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We all know a review book is a must for the USMLE. Our review book of choice here at Med School Tutors is First Aid for the USMLE Step 1, commonly referred to as “First Aid.” This is no surprise, as it is the most commonly used review book for the USMLE—not just nationally but worldwide. Every student utilizes First Aid, but the spread of scores they receive run the gamut of failing to curve-setting. The difference comes down to how they are utilizing First Aid. When to start? What to write inside? How many times to read it? While there are many ways to get through the experience with your goal score on your score report, from the thousands of hours we’ve spent helping students achieve their goals, we’ve found these to be five biggest mistakes students make with First Aid while studying for Step 1.


1. Starting First Aid too early (or too late)

I often cast stones from my ivory tower at the first-year medical students who are walking around on Day one of medical school with First Aid under their arm. There is no need to even possess First Aid any time before the beginning of M2 year. At the same time, you don’t want to be looking at it for the first time just 6 weeks before your test. A good happy medium is halfway through second year, or when you have 5 or 6 months before the exam. Don’t start internalizing the book at that point. Simply familiarize yourself with the format and layout, and get a general sense of the depth of the material covered therein. There will be plenty of time to dive in deep during your dedicated study period; the heavy lifting can wait until then. As always, the most important thing to do, regardless of what you do with First Aid, is to give your full attention to classwork so that you can truly learn during your basic science years.

2. Annotating too much (or nothing at all)

Remember when we called First Aid concise? The 2019 version is a mere 816 pages. Yes, that’s a half-ton of pages. But on the other hand, it’s nearly everything you need to know for Step 1, a summary of 2 years of basic science lecturing and a handful of books on histology, pathophysiology, anatomy, etc., all rolled into one.

There are enough words in First Aid as it stands. Very little raw information needs to be added to the book by you. If there’s a brilliant mnemonic or a small reminder that you will be better served by having in there, by all means, take your pen to the paper. But don’t double the amount of text and data contained between the covers. It has been curated and winnowed down already, and there’s no need to undo the editor’s work.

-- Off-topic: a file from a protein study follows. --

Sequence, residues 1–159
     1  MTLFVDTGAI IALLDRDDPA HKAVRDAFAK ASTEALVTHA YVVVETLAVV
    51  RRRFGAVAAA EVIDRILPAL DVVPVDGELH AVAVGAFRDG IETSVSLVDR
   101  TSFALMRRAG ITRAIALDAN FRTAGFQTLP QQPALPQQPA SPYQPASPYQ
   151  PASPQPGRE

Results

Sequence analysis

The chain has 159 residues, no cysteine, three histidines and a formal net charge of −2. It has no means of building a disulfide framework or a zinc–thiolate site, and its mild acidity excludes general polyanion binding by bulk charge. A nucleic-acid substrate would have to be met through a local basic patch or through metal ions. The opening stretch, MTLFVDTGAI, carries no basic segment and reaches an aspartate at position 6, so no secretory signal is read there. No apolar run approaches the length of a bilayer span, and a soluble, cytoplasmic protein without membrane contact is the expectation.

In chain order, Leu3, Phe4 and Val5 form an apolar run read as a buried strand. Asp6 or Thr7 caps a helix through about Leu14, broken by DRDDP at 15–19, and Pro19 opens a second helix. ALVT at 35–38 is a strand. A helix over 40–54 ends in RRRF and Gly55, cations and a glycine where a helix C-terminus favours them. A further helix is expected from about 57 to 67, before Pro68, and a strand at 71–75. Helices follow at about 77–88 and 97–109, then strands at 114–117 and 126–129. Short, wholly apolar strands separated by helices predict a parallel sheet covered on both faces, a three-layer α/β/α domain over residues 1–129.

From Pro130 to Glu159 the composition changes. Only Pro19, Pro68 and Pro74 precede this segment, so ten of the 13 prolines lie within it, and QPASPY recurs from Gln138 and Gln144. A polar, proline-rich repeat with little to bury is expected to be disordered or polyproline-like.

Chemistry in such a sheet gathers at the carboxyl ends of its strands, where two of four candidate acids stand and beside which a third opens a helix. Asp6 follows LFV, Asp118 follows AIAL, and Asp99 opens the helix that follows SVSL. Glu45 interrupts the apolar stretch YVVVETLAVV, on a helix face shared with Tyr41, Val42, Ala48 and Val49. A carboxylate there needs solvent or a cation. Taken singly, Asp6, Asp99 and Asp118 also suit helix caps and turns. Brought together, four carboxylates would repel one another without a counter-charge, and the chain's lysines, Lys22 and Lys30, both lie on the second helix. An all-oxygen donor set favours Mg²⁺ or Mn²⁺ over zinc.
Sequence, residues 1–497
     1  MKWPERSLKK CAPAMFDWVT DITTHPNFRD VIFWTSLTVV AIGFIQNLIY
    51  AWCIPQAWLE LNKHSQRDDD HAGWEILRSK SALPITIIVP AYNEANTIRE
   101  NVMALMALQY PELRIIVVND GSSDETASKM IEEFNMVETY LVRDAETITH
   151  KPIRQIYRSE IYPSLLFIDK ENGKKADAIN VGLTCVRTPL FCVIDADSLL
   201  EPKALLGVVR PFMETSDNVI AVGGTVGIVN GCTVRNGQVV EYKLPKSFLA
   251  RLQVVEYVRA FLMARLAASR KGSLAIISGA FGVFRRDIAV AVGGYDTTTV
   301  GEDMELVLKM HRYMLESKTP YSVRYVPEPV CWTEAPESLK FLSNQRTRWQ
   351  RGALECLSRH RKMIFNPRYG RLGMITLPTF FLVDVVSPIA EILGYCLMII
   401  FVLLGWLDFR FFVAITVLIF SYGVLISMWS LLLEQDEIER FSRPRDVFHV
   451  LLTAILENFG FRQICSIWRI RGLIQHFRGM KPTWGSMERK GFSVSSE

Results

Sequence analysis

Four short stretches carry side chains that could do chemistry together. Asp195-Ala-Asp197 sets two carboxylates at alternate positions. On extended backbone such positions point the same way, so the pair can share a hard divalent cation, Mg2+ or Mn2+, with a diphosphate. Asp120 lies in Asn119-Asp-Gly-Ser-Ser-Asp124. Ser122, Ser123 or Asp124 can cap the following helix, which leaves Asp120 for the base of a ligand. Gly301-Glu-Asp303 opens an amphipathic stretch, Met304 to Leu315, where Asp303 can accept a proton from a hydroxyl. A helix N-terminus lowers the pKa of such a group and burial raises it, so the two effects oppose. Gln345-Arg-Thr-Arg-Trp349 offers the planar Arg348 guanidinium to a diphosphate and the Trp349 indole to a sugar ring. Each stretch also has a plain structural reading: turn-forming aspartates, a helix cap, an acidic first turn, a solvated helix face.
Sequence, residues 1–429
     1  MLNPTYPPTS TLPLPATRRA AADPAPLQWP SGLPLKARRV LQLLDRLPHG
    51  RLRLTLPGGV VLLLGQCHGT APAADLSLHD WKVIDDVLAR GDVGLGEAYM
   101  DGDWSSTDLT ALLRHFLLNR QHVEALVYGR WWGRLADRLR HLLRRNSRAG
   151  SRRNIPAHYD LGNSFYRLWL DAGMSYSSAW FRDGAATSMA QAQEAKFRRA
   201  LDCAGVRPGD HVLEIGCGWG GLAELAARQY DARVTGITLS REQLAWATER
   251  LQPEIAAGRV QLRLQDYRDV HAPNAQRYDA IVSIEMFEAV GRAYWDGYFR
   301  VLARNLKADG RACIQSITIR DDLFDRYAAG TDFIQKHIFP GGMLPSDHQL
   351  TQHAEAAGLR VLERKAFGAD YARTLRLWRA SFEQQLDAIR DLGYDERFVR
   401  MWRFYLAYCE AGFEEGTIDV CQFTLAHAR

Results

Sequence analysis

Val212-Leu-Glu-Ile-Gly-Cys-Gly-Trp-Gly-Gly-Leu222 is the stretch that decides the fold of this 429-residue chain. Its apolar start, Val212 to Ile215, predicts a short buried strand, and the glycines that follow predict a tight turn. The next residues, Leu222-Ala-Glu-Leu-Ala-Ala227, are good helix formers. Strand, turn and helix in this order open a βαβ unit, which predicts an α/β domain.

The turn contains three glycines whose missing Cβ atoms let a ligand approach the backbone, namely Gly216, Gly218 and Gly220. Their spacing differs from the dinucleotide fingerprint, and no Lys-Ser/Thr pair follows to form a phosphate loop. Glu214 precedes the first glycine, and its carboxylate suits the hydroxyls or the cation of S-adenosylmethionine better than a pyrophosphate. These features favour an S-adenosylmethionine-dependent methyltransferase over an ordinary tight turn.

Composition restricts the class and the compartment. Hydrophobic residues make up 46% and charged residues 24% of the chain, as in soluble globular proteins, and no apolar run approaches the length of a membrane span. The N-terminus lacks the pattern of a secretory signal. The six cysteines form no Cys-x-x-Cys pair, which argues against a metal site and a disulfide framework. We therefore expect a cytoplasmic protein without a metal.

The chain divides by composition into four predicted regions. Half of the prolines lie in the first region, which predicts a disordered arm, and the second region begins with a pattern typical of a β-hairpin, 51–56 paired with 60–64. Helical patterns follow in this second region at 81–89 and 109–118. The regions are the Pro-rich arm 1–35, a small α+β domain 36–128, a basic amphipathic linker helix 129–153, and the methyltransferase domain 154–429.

3. Relying on reading too much

All I have to do is memorize First Aid, and I’m golden, right? 270, here I come!

If only it were that simple. Yes, knowledge of the material contained in this book is essential, but sadly, it’s not enough. The students who score highest on the USMLE are those who do the most questions. I must repeat that because I’ve seen too many students eschew doing questions because “they aren’t ready” or because they want to get more reading in. Questions are king. As good as First Aid is, if given the choice, I’d rather do multiple question banks through and through without reading First Aid at all, than to prepare for the test with only First Aid and not going through any Q-banks.

First Aid is merely one piece of the studying puzzle. Question banks are even more important, but above all, the fund of knowledge you have built up over your basic science courses takes the cake.

4. Failing to do a cover-to-cover First Aid read-through

This one often falls through the cracks, but so many students thank me when they follow this advice. As you are about to ramp into your study period, you should do a light reading of First Aid from start to finish. It’s a bit of a slap upside the head, but serves as a good way to light the fire underneath you. You will be reacquainted with some familiar material, and see some topics which you feel completely in the dark on. You don’t have to start committing material to memory, but you should give it more than a skim. This first run through will also help to cement a framework of knowledge in your head, so that as you pick up the tons of facts along the way, you’ve got places to mentally store them.

5. Winging it

“Yeah, I’ll just read First Aid to review, do a bunch of questions, and see how far I get by the time the test rolls around.” You’d be surprised how many students’ study plans are not much more developed than that. We’ve talked at length about the importance of putting together an bulletproof Step 1 study schedule.


You should know exactly what chapter you are going to be committing to memory each day. You should be able to look at the study calendar that you’ve built before your dedicated study period, and have the explicit assurance to say “On the morning of May 1st, I’m going to read the first 15 pages of First Aid Cardiovascular. That night, I’ll finish the Cardiovascular section.” It sounds like way too much work and detail, but it will pay serious dividends in the long run.

 

Don’t make these mistakes! Do what it takes to get your timing right, ace you class exams, build a solid study schedule, understand the structure of First Aid, utilize question banks, and take mindful, succinct notes in First Aid



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